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"You can create it. You can sell it. You can license it or you can sit on it," said Rogan, now a partner at Venable, a Washington law firm. "It is not the job of the patent examiner to delve into the psyche of the inventor."
Intellectual Ventures CEO Nathan Myhrvold, a former chief technology officer at Microsoft, is equally blunt: "There isn't compulsory licensing in essentially any other part of American life. The only thing that would be similar to that would be eminent domain, where the government can ultimately condemn your property and force you to sell it to them if they truly need it to develop a new highway or something."
Another reform proposal would allow companies or individuals to file objections to a patent application while the patent office is determining whether to award the patent. As a result, questionable patents could be vetted before any litigation begins.
Europe has a system like this, but only 5 percent to 10 percent of applications are ever challenged, so it's clearly no panacea. Still, reformers are looking to other continental measures that may hold answers for the U.S. patent system, most notably the European Parliament's rejection of the concept of software patents.
International patent standards in general are drawing more attention as the U.S. system falls under increasing scrutiny. In the rest of the world, the inventor is the person who first files the application with the patent office, a so-called first-to-file standard.
In the United States, the inventor is the person who created the product, which makes it a "first-to-invent" standard--a far more ambiguous criterion. "Until 1997, we had company. But that January, the Philippines went to a first-to-file standard," attorney Pooley said.
'Ordinary skill in the art'
Part of the reason that patents are so often disputed can be traced to the definition of what can legally be protected. Patents are supposed to be awarded for inventions that are both new and nonobvious to a person "having ordinary skill in the art."
"The real issue is that we should only grant patents for truly new and nonobvious inventions. Vagueness is another issue," said Adam Jaffe, dean of arts and sciences at Brandeis University.
Unfortunately, terms like "nonobvious" and "vague" are themselves also subject to wide interpretation.
"Have you ever read a patent claim?" Duston asked. "It's one sentence that runs on for a half a page with all of this jargon in it. It is not in English."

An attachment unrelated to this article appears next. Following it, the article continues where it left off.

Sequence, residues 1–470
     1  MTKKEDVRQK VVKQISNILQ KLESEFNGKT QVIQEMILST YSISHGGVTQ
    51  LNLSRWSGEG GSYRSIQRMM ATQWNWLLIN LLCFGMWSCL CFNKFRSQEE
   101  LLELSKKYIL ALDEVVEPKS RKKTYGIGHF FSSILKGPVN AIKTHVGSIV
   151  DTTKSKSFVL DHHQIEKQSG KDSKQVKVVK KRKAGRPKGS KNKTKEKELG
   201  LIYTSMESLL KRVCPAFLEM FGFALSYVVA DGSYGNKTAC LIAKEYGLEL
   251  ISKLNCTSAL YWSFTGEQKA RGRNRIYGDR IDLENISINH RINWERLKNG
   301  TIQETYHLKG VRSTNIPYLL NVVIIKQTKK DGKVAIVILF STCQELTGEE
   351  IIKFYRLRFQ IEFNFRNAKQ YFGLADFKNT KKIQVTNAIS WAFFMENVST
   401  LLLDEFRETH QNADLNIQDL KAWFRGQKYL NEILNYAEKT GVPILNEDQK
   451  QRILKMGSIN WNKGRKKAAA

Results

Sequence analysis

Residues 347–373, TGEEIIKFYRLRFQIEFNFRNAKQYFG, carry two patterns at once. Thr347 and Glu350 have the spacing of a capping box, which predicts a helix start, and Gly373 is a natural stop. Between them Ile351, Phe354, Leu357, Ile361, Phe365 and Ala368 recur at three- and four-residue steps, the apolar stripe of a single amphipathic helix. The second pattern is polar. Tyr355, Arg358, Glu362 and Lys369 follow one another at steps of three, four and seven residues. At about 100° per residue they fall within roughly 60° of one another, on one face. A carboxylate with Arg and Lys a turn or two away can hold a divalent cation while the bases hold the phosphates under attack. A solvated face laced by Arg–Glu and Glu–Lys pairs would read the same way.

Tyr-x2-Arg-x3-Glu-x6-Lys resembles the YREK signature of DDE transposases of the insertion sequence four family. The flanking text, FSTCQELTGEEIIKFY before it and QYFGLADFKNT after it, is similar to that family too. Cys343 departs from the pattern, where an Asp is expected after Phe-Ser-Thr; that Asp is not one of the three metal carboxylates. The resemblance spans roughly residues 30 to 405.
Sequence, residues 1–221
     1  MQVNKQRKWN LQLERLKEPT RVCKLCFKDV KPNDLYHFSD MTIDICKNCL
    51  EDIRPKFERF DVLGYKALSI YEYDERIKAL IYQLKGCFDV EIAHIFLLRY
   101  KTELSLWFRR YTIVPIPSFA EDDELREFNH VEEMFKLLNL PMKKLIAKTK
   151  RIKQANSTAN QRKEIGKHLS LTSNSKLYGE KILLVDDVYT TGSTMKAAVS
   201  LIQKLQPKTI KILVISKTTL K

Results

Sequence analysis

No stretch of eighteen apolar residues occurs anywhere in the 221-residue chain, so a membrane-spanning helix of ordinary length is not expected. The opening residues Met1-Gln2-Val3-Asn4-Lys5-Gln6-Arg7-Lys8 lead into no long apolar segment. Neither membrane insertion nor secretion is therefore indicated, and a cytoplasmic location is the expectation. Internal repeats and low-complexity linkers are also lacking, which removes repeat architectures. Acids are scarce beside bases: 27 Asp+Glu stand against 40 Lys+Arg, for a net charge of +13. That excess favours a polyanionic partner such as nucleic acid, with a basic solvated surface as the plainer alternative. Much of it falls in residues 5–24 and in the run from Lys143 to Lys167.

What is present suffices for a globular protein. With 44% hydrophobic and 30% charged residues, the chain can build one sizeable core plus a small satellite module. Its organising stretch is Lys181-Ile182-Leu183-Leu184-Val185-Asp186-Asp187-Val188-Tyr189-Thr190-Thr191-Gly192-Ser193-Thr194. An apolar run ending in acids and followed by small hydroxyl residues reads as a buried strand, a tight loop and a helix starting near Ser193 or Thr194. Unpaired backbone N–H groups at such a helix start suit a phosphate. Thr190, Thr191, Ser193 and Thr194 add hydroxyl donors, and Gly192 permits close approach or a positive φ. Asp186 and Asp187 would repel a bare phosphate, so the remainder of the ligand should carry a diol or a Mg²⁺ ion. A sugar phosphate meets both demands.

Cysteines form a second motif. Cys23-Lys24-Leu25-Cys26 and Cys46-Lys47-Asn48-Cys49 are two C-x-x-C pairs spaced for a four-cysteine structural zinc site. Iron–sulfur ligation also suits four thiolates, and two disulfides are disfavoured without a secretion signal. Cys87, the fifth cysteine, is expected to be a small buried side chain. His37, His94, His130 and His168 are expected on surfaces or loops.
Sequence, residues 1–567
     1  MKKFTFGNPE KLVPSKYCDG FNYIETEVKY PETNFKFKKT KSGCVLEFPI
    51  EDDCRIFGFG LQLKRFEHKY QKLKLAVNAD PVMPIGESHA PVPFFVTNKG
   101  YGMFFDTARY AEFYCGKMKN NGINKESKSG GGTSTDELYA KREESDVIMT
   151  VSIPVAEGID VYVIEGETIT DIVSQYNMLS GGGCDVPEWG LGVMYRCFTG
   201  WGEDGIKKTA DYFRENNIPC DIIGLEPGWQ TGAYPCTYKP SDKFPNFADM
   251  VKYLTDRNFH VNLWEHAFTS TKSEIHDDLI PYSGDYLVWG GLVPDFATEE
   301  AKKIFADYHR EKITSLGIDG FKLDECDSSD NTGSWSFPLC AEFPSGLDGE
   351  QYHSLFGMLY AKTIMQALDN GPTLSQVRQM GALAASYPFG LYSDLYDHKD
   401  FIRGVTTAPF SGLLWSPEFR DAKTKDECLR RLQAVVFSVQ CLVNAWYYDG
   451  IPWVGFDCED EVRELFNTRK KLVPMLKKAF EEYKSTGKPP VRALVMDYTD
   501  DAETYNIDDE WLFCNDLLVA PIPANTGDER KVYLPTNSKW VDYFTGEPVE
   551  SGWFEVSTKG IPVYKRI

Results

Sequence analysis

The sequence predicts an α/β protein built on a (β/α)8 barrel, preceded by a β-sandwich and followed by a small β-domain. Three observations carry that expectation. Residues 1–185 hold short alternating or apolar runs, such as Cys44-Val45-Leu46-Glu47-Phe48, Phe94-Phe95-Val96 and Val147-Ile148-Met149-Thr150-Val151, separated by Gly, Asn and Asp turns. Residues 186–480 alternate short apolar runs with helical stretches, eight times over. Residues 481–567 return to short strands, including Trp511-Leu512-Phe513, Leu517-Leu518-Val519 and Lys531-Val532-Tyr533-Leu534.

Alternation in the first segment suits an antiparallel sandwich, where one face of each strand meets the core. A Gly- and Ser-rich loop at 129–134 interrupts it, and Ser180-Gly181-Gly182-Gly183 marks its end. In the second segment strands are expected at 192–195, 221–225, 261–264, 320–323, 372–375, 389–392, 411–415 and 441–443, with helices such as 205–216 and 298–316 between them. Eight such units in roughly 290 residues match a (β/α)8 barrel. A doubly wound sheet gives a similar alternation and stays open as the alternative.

In Myhrvold's view, the whole issue of "vagueness" is overblown. "Usually it comes up from people who don't like patents already. It's a rationalization for their position," he said. "The stock market has stocks of companies that are flaky and questionable, right? But does that mean we should just avoid all public security markets?"
Some reformers advocate a standard that would require patent holders to show that infringers knowingly violated their protections. "In copyright, they (the defendants) kind of know where they got it from. In patents, they may have generally invented it, but it was too late," Rambus' Richardson said.
While patents protect an invention, copyrights protect the "matter and form" of something, such as a piece of writing or music.
Reformers have suggested that liability applies only after the defendant receives a letter warning them of the potential infringement. Unfortunately, that could also encourage some to work quickly and kill a product after the letter arrives.
In spite of such seemingly daunting obstacles, recent progress offers reason for hope. In fact, some of the larger problems in the patent system have already been curbed because of reform efforts in recent years.
Patent applicants, for instance, can no longer repeatedly amend an application--a procedural peculiarity that let prolific patent collector Jerome Lemelson amass a fortune in legal settlements and licensing fees for products ranging from Velcro darts and wiper blades to medical equipment and chipmaking technologies.
And as the broader patent policies are debated, at least the chronically overworked and underfunded patent office is finally getting some relief. It has hired 900 new inspectors so far this year alone, bringing its total to 4,000.
The agency will also keep the estimated $1.5 billion in fees it collects from applicants annually. In the past, Congress often siphoned this money off for other projects.
"This office is critical to the health of our economy and to the lives of millions of Americans," Congressman Smith said in a statement. "From the lone individual working in their garage to the small-business person with a breakthrough idea to the large high-tech company that applies for hundreds of patents, all rely on a responsive PTO."
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